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The ‘season’ on Cape Cod typically lasts from Memorial Day through Labor Day, although in recent years, it’s been known to spill over a bit closer to Columbus Day.
While summer on Cape Cod is spectacular, the quiet weeks, especially those leading up to and following the season, offer some of the best time to explore. The weather during those times is superb and there’s less company on the peninsula as well.
For many, the most popular spots during the offseason are the same ones to visit once the calendar turns to fall, or turns back towards spring. At the top of the list has to be Rock Harbor in Orleans.
Rock Harbor during winter by William-DeSousa Mauk
Located at the point on Cape Cod where the shoreline begins to drift northward, the magnificent Rock Harbor is a place that is packed to the gills during the summer and, not surprisingly, can be pretty busy in the offseason as well.
Rock Harbor is an area split into two parts. The western side is the side most frequently visited, and it is where the fishing and charter boats reside. Leading into the harbor is a line of young pine trees, which are sunk into the mud. These are adorned with reflective street signs, which provide a one-of-a-kind view for boaters and those on shore.
Signs in the mud
During the summer, it is common for the small beach on the western side of Rock Harbor to be packed with people well into the evening. There are no fees to park there, which is always a bonus, too.
Often times, the lot is filled to capacity in anticipation of perhaps the most spectacular sunset Cape Cod has to offer. Once the sun dips into Cape Cod Bay, the throngs of onlookers will normally burst into applause before heading back to their cars. It is a nearly perfect spot, as long as the weather cooperates, of course.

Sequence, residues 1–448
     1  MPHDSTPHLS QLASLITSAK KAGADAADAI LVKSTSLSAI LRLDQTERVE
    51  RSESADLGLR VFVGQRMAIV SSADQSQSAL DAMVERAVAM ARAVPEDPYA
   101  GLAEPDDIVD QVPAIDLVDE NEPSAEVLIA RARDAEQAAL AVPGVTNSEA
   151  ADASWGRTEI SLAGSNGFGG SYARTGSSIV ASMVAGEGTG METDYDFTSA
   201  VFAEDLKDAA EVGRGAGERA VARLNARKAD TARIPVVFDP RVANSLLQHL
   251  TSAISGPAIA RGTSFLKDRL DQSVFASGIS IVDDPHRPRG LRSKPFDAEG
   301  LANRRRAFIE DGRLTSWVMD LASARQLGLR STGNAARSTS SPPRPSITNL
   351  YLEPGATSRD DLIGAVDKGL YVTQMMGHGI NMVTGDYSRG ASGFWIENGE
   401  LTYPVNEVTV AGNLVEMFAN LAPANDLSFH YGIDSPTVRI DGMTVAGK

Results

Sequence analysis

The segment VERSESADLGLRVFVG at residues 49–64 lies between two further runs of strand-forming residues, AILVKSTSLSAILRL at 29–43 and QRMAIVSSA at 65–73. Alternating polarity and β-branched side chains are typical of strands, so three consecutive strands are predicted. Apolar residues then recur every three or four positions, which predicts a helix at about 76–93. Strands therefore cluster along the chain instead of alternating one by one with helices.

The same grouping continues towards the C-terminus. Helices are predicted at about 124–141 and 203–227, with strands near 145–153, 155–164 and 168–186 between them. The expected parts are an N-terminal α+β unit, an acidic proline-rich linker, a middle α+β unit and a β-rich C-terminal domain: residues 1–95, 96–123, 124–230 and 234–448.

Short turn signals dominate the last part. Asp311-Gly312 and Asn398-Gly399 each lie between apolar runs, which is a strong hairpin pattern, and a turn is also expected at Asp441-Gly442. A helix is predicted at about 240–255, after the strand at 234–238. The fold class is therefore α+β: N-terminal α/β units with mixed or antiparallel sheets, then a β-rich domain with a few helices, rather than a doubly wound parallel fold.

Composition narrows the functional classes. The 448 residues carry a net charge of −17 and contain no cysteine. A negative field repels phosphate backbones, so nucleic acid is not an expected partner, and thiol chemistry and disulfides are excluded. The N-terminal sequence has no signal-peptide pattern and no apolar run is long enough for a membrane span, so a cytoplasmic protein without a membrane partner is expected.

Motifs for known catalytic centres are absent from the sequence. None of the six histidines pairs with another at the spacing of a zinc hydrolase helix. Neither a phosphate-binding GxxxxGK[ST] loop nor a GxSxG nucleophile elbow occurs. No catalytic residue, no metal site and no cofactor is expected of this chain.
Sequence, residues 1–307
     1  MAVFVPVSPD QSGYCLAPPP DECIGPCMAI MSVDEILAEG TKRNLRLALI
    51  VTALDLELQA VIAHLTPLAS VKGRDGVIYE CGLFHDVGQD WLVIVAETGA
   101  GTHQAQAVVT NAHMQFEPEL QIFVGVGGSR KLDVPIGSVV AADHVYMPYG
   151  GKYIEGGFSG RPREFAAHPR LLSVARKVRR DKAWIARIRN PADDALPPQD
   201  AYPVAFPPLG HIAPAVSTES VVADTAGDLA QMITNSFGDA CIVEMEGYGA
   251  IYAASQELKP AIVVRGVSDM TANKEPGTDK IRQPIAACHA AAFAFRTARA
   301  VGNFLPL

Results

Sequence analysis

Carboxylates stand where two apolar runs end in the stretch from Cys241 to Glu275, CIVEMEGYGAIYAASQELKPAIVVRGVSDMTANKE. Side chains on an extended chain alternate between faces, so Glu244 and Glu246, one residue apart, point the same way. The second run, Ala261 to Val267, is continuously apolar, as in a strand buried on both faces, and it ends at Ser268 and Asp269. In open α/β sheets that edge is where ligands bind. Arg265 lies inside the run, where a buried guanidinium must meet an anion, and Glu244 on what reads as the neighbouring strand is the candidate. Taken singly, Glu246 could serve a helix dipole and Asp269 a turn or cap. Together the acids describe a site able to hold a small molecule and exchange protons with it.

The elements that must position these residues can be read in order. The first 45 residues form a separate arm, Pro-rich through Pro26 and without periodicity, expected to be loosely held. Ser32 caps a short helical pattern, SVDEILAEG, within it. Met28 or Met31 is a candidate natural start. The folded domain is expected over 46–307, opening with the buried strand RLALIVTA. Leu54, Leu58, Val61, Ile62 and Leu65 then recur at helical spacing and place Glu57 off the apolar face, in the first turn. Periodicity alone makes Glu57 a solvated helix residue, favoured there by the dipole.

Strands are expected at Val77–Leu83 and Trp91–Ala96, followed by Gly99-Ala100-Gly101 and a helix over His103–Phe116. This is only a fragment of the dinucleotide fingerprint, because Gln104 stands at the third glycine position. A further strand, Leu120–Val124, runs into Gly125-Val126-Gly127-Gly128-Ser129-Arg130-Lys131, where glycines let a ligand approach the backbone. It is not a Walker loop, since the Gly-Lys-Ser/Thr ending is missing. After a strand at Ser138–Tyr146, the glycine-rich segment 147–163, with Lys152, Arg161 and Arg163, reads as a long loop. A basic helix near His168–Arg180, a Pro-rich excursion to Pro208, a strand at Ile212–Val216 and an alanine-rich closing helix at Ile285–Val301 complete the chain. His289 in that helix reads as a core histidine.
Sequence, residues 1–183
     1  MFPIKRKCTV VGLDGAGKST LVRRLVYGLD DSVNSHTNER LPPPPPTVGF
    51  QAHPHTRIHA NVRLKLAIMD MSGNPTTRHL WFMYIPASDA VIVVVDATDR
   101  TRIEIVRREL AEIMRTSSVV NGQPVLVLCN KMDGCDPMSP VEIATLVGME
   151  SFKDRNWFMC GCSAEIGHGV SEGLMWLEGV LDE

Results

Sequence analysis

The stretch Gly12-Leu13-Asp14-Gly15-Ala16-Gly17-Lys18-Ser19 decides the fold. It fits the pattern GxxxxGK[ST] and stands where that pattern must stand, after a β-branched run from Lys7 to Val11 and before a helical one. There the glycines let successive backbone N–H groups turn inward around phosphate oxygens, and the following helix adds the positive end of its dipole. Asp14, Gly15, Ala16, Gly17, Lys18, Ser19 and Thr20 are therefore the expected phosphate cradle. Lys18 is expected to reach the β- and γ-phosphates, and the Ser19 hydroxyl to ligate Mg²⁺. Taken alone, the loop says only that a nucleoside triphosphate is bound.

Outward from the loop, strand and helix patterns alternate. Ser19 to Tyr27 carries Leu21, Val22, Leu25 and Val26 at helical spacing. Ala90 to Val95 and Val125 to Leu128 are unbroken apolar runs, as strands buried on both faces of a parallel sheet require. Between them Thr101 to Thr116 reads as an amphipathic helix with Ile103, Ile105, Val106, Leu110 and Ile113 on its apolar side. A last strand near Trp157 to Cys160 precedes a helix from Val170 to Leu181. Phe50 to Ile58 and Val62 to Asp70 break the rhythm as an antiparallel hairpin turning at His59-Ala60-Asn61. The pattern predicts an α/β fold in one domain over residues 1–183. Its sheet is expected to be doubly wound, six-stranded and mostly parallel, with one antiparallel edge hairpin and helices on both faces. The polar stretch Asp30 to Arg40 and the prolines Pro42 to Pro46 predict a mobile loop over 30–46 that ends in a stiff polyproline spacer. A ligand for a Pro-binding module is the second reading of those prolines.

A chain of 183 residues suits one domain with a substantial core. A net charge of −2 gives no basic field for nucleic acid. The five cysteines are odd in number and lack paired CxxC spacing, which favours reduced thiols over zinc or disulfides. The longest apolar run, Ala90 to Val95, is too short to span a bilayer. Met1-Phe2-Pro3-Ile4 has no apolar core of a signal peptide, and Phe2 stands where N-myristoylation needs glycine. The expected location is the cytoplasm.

Rock Harbor sunset
Before summer has begun, or after it has ended, Rock Harbor is much more accessible, and there is just about always a free parking spot to be had. It is during these times, when the ocean waves are not drowned out by the crowds, that Rock Harbor can truly be appreciated.
First things first, leave your car and walk onto the sand. There is a marker alerting you to the historical significance of Rock Harbor. It was in 1814 that the Battle of Rock Harbor took place in the vicinity of the titular harbor. Though not by any means a major battle of the War of 1812, it is an interesting side-note to an otherwise typical day at the beach.
During the summer, parked in the harbor is another piece of Cape Cod history. The famous CG 36500 motorized lifeboat rescued 33 of 34 sailors on the SS Pendleton, which had wrecked off of Chatham in 1952. The 36-foot long vessel is kept at the nearby Nauset Marine East in East Orleans during the rest of the year.
In any case, Rock Harbor is a sight to behold, with or without the famous lifeboat. When the tide is low, the flats stretch away from the shore for hundreds of yards. You can even touch those young pine trees, which double as vessel guides. Walking west leads across Rock Harbor Marsh and eventually to Little Namskaket Creek, a very secluded area perfect for reflection or meditation.
A quiet moment at Rock Harbor by Ashley Bilodeau Photography
The east side of Rock Harbor provides an even more private journey. Many visitors only know of the main entrance to the harbor and totally miss out on half of this spectacular site. The ‘other side’ of Rock Harbor is located on Dyer Prince Road and although it has a good-sized parking lot, it is much more of a hidden gem than the more popular west side.
From the parking lot, a walk down a sandy pathway or through the beach reeds stretching overhead leads to the water and (possibly) an even more gorgeous view. The sunset from this side is amazing. Though you can see and hear others only 50 feet away across the water, it feels as though the fabulous landscape is there just for you.
Rock Harbor is certainly a top destination during the summer on Cape Cod, but the offseason brings ample opportunity to enjoy and explore this magnificent location in a more intimate way. Make sure it is on your list when you visit Cape Cod this year!
Christopher Setterlund is a 12th Generation Cape Codder. For more on Cape Cod, check out his first book In My Footsteps: A Cape Cod Travel Guide.